I understand this with greater clarity when I tell people what I'm working on. " Was your mother mean?" my hair colorist asks me. She's twenty-eight, a child of divorce, and fiercely loyal to the mother who raised her alone, whom she counts among her best friends. I often talk about my own daughter who's off at college but this is the first time I've ever mentioned my project or my mother. After I've answered, her response is downright hostile: "Why would you want to dig all that up now? She must have done something right because you turned out okay, didn't you? " From the other end of the spectrum, a friend – a psychologist who specializes in mother-daughter relationships and the divorced mother of a twenty-three year old daughter– sends me an email that's more like a cheer than anything else: "Good for you – this is courageous. You're telling the story no one else wants to tell. It's about time."
Women's reactions betray the power of cultural taboos. I give a small dinner party in my new home in Vermont and one of my guests, a fellow Baby-Boomer who raised three children and is now a doting grandmother, looks frankly skeptical when I tell her about the book and responds, slowly and deliberately: " I don't think it's fair to talk about those things. My mother did what she could." My other guest is a woman in her early seventies who raised four now-grown children and is long divorced. She seems delighted to be able to talk about her mother who, she says categorically, " was the most unloving and critical person I ever met. She never missed an opportunity to make me feel bad about myself, no matter how kind or loving I tried to be." When I ask her whether she ever confronted her mother, she looks at me, nonplussed: " Of course not. She was my mother, after all."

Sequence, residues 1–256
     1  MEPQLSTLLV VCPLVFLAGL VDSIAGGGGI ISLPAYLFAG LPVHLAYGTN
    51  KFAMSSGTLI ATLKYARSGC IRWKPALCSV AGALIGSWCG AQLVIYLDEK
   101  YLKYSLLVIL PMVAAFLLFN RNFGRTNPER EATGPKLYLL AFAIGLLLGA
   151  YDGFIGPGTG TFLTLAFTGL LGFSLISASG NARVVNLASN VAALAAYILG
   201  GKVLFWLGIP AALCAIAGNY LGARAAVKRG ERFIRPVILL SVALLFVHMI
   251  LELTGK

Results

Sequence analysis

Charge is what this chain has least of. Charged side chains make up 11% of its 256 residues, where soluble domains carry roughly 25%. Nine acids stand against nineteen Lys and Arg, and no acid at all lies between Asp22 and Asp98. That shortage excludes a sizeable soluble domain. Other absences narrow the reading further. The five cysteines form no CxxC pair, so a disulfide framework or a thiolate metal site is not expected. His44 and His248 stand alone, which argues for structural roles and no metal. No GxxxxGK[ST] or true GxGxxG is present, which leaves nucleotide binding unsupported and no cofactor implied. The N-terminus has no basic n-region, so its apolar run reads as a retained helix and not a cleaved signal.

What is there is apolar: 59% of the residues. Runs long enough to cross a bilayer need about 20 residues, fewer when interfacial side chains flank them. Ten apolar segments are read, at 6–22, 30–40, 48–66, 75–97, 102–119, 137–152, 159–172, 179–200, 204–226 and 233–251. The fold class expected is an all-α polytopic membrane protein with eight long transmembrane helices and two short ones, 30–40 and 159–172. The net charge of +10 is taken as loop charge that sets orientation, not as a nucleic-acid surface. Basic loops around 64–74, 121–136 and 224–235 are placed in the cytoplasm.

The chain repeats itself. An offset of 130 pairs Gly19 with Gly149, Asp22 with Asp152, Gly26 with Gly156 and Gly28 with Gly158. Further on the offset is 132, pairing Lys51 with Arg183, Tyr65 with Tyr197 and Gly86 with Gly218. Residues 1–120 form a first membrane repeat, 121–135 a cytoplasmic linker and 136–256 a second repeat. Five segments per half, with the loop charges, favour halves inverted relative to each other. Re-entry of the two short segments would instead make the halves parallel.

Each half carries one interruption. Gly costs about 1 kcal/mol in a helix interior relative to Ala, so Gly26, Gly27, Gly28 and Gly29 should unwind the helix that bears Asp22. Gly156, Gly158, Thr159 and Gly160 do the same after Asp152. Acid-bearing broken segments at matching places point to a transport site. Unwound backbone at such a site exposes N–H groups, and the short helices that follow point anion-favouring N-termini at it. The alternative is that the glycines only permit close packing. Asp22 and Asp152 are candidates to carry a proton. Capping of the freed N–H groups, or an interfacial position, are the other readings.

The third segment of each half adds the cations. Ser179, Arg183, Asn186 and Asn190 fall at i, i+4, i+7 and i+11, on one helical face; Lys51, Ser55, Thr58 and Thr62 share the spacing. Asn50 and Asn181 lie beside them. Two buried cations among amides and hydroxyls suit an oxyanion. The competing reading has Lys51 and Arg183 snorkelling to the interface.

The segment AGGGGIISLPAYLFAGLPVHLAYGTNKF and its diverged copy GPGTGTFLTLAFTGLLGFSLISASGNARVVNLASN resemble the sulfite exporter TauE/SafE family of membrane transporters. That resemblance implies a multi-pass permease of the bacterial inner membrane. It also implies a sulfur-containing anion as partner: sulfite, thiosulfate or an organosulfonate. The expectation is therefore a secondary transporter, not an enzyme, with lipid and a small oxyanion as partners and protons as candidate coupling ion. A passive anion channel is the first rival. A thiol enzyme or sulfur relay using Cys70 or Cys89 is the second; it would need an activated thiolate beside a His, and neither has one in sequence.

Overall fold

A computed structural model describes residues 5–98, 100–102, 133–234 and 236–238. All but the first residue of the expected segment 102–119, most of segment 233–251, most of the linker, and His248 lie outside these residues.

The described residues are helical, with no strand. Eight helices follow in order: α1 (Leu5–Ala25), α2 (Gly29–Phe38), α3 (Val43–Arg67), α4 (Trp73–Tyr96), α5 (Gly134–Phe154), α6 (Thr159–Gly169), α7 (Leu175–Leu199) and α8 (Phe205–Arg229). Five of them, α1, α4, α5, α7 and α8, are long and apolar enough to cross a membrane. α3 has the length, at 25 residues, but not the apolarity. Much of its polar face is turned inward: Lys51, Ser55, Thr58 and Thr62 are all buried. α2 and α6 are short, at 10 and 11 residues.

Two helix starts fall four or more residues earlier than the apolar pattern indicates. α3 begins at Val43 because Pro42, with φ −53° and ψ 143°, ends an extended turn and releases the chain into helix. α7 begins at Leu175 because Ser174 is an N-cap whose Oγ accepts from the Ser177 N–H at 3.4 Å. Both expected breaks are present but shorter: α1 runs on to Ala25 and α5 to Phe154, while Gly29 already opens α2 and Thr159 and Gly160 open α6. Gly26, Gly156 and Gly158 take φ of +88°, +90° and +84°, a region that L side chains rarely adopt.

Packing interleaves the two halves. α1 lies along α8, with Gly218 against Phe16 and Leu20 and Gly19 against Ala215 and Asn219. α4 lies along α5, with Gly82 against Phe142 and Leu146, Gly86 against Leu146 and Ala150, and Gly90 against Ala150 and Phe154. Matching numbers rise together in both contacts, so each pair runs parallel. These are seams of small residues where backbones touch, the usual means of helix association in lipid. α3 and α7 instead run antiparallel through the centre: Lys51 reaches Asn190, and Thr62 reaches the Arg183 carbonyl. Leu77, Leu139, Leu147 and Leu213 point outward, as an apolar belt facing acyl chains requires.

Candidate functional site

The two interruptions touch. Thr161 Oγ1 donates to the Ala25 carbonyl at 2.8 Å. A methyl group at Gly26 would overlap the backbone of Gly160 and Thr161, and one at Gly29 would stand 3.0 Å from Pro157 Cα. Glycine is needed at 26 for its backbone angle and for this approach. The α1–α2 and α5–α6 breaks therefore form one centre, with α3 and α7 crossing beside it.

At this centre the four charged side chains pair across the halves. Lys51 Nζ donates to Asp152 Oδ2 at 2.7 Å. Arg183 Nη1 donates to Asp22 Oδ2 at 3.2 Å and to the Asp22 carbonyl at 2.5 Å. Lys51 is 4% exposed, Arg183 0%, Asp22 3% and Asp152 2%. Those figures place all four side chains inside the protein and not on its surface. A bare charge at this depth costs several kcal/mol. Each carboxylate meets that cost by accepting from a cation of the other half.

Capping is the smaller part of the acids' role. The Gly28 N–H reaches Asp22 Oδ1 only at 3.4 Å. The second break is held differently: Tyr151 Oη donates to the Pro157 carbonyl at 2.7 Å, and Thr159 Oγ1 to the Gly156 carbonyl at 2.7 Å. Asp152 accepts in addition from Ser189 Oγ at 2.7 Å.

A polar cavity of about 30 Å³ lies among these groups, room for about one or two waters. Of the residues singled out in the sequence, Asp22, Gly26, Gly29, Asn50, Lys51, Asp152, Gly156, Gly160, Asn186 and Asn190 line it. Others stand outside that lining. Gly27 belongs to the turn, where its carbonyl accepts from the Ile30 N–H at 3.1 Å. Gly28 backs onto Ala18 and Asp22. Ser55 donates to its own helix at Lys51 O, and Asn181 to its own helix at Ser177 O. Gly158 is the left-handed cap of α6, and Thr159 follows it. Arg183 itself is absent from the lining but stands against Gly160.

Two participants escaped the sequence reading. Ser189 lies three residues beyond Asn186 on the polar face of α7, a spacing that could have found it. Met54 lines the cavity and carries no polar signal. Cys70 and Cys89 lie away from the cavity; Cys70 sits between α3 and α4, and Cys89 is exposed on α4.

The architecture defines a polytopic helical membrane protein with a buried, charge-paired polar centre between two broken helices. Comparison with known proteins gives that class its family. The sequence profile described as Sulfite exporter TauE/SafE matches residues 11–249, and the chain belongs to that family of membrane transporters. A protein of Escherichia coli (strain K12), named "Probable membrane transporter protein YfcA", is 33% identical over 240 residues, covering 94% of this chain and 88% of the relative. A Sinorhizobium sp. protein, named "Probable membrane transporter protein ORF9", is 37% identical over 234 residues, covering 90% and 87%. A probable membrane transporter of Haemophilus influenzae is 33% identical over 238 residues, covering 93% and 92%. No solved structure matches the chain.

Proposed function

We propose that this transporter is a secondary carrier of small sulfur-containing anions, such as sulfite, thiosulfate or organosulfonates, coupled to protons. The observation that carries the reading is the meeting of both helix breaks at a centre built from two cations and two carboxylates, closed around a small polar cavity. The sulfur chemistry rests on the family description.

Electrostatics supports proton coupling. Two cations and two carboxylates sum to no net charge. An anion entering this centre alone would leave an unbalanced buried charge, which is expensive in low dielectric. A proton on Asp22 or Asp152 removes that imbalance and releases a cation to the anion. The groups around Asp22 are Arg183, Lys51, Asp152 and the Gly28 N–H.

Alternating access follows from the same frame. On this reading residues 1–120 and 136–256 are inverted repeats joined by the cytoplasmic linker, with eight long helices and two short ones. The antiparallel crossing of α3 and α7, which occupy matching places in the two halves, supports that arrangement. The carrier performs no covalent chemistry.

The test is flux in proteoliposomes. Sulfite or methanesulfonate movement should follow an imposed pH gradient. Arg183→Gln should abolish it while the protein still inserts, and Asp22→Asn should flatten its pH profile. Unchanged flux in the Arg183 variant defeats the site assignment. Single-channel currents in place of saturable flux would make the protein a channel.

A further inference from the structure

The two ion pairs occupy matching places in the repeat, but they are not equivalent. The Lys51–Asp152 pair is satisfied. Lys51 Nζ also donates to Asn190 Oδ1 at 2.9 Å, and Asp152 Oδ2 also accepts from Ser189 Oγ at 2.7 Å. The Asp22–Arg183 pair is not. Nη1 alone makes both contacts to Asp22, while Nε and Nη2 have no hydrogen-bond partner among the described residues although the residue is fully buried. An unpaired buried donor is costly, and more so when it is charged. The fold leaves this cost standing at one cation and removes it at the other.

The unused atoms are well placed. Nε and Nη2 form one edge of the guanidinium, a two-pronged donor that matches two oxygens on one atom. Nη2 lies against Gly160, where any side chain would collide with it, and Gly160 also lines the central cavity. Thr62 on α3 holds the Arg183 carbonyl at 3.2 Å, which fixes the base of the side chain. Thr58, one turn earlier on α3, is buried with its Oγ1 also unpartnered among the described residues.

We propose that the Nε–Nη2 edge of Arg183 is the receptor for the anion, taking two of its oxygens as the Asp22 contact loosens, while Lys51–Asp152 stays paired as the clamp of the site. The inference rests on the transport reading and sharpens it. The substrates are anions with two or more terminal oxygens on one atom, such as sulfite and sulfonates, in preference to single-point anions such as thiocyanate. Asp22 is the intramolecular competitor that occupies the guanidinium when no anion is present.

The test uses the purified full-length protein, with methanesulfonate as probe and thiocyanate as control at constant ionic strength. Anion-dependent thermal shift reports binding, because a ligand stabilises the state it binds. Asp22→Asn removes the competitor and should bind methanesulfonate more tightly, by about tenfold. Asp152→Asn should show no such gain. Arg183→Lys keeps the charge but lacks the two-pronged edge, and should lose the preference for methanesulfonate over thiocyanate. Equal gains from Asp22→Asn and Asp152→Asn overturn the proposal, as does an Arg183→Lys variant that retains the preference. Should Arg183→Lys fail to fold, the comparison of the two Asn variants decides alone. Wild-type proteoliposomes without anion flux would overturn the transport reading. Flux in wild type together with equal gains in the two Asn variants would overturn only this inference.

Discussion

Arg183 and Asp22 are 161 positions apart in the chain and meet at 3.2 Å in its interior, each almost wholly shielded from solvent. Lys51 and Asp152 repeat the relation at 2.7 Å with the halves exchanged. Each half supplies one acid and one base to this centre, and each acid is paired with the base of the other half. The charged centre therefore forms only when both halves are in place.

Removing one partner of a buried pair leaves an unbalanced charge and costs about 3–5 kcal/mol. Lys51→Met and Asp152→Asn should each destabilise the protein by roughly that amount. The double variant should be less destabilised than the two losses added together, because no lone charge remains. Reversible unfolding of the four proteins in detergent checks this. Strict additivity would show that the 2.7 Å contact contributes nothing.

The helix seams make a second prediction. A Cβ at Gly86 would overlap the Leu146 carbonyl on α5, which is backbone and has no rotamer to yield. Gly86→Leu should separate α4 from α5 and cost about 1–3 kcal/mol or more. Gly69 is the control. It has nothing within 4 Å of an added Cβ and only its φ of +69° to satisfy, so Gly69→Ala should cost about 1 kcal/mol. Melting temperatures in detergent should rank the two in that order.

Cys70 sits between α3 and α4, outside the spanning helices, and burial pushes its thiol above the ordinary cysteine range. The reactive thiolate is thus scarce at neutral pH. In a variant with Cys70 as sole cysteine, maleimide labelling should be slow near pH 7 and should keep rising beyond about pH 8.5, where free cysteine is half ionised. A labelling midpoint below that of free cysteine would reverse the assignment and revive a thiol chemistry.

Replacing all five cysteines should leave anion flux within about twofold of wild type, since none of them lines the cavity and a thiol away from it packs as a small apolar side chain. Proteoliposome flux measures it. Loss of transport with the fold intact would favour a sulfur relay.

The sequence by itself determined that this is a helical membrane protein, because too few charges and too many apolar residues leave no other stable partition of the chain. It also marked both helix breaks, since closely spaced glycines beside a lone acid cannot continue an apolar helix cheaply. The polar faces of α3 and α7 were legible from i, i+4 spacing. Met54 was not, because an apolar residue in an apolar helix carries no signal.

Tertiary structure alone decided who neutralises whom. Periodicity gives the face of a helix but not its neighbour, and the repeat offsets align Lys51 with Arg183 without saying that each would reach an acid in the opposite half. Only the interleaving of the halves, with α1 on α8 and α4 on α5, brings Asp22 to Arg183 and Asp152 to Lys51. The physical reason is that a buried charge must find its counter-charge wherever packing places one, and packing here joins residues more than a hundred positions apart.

Mother love is a sacred concept in our culture and, like all things sacred, it has a mythology of its own.
There isn't any room in our ideal of "mother"— that essential multi-tasker and nurturer, the one made up in equal parts of a pastel-tinted Madonna cradling her baby, the smell of freshly baked cookies in the oven, self-sacrifice, and Hallmark verse—for the mother who doesn't love her child. As Western fairy tales make clear, cruel or uncaring mothers are never biological mothers but interlopers or stepmothers instead. "Real" mothers neither hate nor envy; it's Rapunzel's jealous stepmother who locks her in the tower, just as Cinderella's rapacious one would consign her to a life of servitude.
Today, we prefer to think of mothering as instinctual and automatic – even though mothering, for our species at least, is very much learned behavior and definitions of what constitutes good mothering are no more than cultural constructs. Our insistence on maternal instinct flies both in the face of human history as well as the history of child-rearing practices. It doesn't take into account the extraordinarily widespread practice of abandoning children from the time of the Greeks right up through the Renaissance, the hundreds of thousands of foundlings left in hospitals established for that very purpose throughout the "civilized" world, or the practice of wet-nursing which resulted in the deaths of literally millions of infants, for example.